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Walt Whitman to Peter Doyle, 5 November [1879]

 loc.01628.001_large.jpg Dear Pete

You will be surprised to get a letter from me away off here—I have been taking quite a journey the last two months—have been out to the Rocky Mountains and Colorado (2000 miles)—(Seems to me I sent you a paper six weeks ago from Denver)—I got along very well till about three weeks ago when I was taken sick & disabled, & hauled in here in St Louis for repairs, have been here ever since—am fixed comfortable—Still somewhat under the weather, (but have no doubt I shall be well as usual for me before long)—Shall stay here probably two or three weeks longer, & then back east to Camden—


Pete this is a wonderful country out here, & no one knows how big it is till he launches out in the midst of it—But there are plenty of hard-up fellows in this city & out in the mines, & all over here—you have no idea how many run ashore, get sick from exposure, poor grub &c—many young men, some old chaps, some boys of 15 or 16—I met them every where, especially at the RR stoppings, out of money & trying to get home—But the general run of all these Western places, city & country is very prosperous, on the rush, plenty of people, plenty to eat, & apparently plenty of money—Colorado you know is getting to be the great silver land of the world—In Denver I visited a big smelting establishment, purifying the ore, goes through many processes1—takes a week—well they showed me silver there by the cart load—Then in middle Colorado, in one place, as we stopt in a mining camp I saw rough bullion bars piled up in stacks outdoors five  loc.01628.003_large.jpg or six feet high like hay cocks—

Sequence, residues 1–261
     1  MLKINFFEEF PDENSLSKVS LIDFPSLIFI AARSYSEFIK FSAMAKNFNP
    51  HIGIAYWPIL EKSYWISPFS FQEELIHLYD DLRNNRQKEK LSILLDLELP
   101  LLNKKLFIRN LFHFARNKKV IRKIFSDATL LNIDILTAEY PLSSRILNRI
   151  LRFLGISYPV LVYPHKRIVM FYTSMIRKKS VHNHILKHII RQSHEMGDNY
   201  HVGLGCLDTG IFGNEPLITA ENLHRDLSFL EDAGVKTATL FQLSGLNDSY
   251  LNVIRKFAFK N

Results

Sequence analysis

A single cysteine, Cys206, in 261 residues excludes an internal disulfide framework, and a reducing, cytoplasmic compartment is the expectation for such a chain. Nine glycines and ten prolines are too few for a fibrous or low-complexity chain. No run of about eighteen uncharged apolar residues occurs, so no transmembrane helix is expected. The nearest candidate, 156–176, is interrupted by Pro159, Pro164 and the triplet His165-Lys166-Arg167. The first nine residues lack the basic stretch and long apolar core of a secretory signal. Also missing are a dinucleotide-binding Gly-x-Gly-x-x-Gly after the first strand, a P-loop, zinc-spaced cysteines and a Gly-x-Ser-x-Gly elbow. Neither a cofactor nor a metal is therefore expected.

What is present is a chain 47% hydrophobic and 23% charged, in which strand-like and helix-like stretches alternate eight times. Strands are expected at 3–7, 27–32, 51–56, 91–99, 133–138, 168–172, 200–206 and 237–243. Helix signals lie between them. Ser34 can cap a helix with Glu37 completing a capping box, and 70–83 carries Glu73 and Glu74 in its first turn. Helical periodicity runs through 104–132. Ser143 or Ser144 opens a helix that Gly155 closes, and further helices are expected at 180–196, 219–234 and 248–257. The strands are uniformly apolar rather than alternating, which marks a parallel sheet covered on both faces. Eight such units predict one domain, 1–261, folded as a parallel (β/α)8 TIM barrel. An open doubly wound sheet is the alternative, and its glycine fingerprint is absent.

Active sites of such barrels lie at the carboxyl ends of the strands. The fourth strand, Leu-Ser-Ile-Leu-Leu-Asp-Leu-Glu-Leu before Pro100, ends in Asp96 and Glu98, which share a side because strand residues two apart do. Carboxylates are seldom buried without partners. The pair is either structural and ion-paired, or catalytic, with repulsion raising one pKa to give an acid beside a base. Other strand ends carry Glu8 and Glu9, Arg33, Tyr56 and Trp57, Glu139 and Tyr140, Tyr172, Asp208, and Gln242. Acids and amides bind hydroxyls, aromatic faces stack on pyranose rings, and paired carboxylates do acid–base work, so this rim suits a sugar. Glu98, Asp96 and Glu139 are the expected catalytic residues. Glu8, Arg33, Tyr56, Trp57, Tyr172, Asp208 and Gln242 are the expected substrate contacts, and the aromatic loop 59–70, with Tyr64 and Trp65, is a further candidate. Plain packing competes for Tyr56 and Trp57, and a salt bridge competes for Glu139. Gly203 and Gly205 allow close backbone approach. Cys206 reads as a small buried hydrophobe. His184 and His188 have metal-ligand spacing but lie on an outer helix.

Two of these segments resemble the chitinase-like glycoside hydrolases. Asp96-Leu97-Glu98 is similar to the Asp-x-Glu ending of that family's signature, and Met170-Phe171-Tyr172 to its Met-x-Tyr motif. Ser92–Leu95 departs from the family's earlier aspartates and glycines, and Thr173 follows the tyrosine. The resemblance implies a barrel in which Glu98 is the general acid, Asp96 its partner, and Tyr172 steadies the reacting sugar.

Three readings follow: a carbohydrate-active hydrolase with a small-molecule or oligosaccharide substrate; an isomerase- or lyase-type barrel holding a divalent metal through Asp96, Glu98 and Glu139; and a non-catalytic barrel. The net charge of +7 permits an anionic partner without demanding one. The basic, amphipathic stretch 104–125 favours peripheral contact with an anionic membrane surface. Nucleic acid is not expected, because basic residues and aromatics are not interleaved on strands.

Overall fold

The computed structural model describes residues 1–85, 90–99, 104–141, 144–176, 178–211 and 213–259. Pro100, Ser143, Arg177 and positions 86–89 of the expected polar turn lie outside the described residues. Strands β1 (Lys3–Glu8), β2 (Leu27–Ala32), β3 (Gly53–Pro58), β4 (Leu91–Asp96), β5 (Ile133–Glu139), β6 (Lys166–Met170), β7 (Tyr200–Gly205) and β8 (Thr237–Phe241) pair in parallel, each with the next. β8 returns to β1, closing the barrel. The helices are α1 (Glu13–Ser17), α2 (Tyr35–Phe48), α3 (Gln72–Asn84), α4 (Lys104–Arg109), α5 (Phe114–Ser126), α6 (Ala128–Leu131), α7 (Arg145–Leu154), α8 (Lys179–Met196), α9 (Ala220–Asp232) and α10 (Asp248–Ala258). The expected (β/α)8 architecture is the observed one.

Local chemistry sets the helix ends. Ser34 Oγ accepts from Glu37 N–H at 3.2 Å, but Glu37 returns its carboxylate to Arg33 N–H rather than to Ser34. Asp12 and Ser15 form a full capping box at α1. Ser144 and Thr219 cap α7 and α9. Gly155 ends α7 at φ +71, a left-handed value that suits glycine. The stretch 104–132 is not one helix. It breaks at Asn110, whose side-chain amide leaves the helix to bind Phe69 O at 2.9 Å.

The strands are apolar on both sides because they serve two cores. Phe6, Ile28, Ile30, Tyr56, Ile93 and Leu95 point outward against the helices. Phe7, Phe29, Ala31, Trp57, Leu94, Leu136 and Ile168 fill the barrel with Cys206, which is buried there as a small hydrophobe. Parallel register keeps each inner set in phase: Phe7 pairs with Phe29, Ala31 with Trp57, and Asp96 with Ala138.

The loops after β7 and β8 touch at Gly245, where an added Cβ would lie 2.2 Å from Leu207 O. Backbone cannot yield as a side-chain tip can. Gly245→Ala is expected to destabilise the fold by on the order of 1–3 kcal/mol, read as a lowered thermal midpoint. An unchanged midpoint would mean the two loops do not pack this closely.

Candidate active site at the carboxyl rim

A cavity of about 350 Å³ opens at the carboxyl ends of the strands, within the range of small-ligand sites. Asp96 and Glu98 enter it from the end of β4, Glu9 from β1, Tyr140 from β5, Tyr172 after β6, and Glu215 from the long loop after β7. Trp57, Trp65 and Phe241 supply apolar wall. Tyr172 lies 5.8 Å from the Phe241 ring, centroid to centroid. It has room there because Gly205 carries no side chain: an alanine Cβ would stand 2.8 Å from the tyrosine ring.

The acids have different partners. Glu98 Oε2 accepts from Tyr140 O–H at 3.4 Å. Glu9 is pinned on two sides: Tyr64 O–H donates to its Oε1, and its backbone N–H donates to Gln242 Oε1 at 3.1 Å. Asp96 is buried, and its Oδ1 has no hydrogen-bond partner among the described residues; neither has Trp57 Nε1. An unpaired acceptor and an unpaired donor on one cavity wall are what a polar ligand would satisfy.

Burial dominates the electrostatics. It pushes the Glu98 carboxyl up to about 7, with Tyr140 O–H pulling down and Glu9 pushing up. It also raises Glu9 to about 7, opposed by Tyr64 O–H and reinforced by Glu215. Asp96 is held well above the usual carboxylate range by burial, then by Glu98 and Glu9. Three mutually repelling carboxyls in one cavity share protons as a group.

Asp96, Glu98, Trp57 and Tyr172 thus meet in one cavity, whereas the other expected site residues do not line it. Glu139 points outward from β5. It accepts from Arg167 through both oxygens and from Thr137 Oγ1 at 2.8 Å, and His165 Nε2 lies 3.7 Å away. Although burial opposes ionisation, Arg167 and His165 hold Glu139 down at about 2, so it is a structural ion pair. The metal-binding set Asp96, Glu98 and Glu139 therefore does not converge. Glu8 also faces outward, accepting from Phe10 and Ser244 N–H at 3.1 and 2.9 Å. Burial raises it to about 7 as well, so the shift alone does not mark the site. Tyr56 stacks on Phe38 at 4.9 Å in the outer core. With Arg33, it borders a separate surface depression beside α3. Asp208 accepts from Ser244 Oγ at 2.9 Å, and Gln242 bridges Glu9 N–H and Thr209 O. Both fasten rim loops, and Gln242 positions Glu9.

—So it is—a few make great strikes—like the prizes in the lottery—but most are blanks—I was at Pike's Peak—I liked Denver City very much—But the most interesting part of my travel has been the Plains, (the great American Desert the old geographies call it, but it is no desert) largely through Colorado & Western Kansas, all flat, hundreds & even thousands of miles—some real good, nearly all pretty fair soil, all for stock raising, thousands of herds of cattle, some very large—the herdsmen, (the principal common employment) a wild hardy race, always on horseback, they call 'em cow-boys altogether—I used to like to get among them & talk with them—I stopt some days at a town right in the middle of those Plains, in Kansas, on the Santa Fe road—found a soldier2 there who had known me in the war 15 years ago—was married & running the hotel there—I had hard work to get away from him—he wanted me to stay all winter—


The picture at the beginning of this letter is the St Louis bridge over the Mississippi river3—I often go down to the river, or across this bridge—it is one of my favorite sights—but the air of this city don't agree with me—I have not had a well day, (even for me,) since I have been here—

—Well Pete dear boy I guess I have written enough—How are you getting along? I often think of you & no doubt you often do of me—God bless you, my darling friend, & however it goes, you must try to keep up a good heart—for I do—

So long—from your old Walt


  • 1. See also Specimen Days, ed. Floyd Stovall (New York: New York University Press, 1963), 215. [back]
  • 2. E. L. (Ed. Lindsey), who lived in Sterling, Kansas, with whom Whitman stayed on September 24 and 25 (Specimen Days, 219; Walt Whitman Review, 7 [1961], 10). [back]
  • 3. Whitman is referring to the picture of the bridge on the stationery he used. [back]
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